A new method uses the cell’s garbage disposal system to rapidly and reversibly knock down protein levels, potentially facilitating development of novel therapies, according to a study published in Nature Neuroscience (1).
Shelly (Xuelai) Fan of the University of British Columbia and her colleagues developed the method using a targeting peptide with three domains: a cell membrane–penetrating domain that allows the peptide to bypass the blood-brain barrier and plasma membranes, a protein-binding domain that specifically binds to the protein of interest, and a motif that targets the peptide-protein pair to the lysosome for degradation.
The researchers demonstrated that their system specifically degraded active forms of proteins found in neurons in a dose- and time-dependent manner, allowing for easy control over the degree and duration of protein knockdown. They performed proof-of-concept experiments knocking down postsynaptic density protein 95, which plays a role in synaptic plasticity; α-synuclein, which is implicated in neurodegenerative disorders such as Parkinson’s disease; and death associated protein kinase 1 (DAPK1), which is activated by stroke. But according to the authors, the system could potentially be used to degrade any cytosolic protein.
When administered through intravenous injection in a rat model of stroke, the peptide-based system lowered DAPK1 levels specifically in stroke-damaged brain areas and reduced tissue death caused by obstruction of the blood supply. “This is the first time scientists have managed to only knock down a protein in disease-affected areas,” Fan said. “The trick is that the peptide only binds to DAPK1 after it's activated.”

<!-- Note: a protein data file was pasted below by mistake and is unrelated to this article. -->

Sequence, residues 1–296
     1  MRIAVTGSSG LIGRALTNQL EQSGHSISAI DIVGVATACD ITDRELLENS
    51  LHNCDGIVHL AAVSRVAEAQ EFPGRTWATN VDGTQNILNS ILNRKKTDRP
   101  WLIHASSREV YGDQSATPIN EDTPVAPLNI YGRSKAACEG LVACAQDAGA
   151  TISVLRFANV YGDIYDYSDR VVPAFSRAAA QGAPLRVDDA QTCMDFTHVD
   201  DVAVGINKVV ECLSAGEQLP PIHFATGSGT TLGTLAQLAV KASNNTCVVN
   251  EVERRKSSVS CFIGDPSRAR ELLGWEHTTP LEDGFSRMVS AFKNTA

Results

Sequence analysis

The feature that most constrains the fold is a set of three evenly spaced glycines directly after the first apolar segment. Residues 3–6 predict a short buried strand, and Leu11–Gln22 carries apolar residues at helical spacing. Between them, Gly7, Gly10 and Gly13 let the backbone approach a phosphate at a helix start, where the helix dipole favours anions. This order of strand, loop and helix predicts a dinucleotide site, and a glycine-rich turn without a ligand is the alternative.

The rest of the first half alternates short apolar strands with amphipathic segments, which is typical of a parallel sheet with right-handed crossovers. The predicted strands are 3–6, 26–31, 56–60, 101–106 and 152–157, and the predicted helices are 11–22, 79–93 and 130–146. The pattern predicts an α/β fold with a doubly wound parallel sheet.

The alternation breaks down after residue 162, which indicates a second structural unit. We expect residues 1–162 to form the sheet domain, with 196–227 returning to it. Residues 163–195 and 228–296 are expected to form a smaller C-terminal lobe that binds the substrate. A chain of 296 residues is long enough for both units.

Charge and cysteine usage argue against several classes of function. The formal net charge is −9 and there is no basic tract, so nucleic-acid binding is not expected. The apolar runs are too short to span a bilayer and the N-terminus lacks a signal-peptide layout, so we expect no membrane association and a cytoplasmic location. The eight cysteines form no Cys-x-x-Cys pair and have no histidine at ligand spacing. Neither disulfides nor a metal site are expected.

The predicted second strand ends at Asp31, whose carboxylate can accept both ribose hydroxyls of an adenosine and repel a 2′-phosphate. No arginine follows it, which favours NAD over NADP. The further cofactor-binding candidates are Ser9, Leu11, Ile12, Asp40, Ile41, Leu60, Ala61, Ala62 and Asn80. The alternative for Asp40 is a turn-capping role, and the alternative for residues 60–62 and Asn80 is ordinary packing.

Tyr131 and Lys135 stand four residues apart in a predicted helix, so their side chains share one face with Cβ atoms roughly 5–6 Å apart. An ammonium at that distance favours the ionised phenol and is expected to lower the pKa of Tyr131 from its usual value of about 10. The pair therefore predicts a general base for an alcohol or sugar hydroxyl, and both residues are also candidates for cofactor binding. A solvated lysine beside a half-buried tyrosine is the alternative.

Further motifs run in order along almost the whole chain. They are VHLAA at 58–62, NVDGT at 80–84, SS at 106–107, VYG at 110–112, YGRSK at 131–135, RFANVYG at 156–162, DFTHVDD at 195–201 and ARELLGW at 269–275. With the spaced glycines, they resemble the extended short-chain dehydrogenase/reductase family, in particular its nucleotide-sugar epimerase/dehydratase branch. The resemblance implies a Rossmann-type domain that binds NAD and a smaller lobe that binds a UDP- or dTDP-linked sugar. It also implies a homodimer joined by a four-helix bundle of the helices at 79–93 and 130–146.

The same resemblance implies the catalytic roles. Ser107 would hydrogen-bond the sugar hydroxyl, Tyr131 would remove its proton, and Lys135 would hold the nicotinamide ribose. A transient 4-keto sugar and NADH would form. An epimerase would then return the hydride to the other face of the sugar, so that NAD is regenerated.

This activity-dependent specificity cannot be achieved with DNA or mRNA targeting, the authors explained. The targeting peptide–based system is also much faster, producing results within two hours rather than days or weeks; thus it is expected to be less susceptible to molecular and cellular compensation, compared to genetic or siRNA-mediated protein knockdown. Unlike most strategies that degrade proteins through the proteasome, the new approach does not require genetic manipulation. Moreover, most of the previously reported protein knockdown methods require viral delivery in vivo, limiting their therapeutic potential.
“The method is one of the first knockdown methods that drug companies may eventually adopt for clinical use,” said Fan. “In fact, our lab is currently developing peptides to knock down proteins involved in Huntington's [disease] and prostate cancer.”
But Fan and her collaborators face several challenges in refining the technique before this method moves into the clinic. “The largest limitation is that the peptide is usually not very stable once it gets into the body, so in order to sustain knockdown, one would have to apply it repeatedly,” Fan said. “Another problem is we can't say for sure that a peptide will only bind to its intended target. However, compared to small molecules, peptide-protein binding is usually a lot more specific, and so far we haven't noticed any off-target effects.”
Fan X, Jin WY, Lu J, Wang J, Wang YT. (2014). Rapid and reversible knockdown of endogenous proteins by peptide-directed lysosomal degradation. Nat Neurosci 17(3):471-80. doi: 10.1038/nn.3637.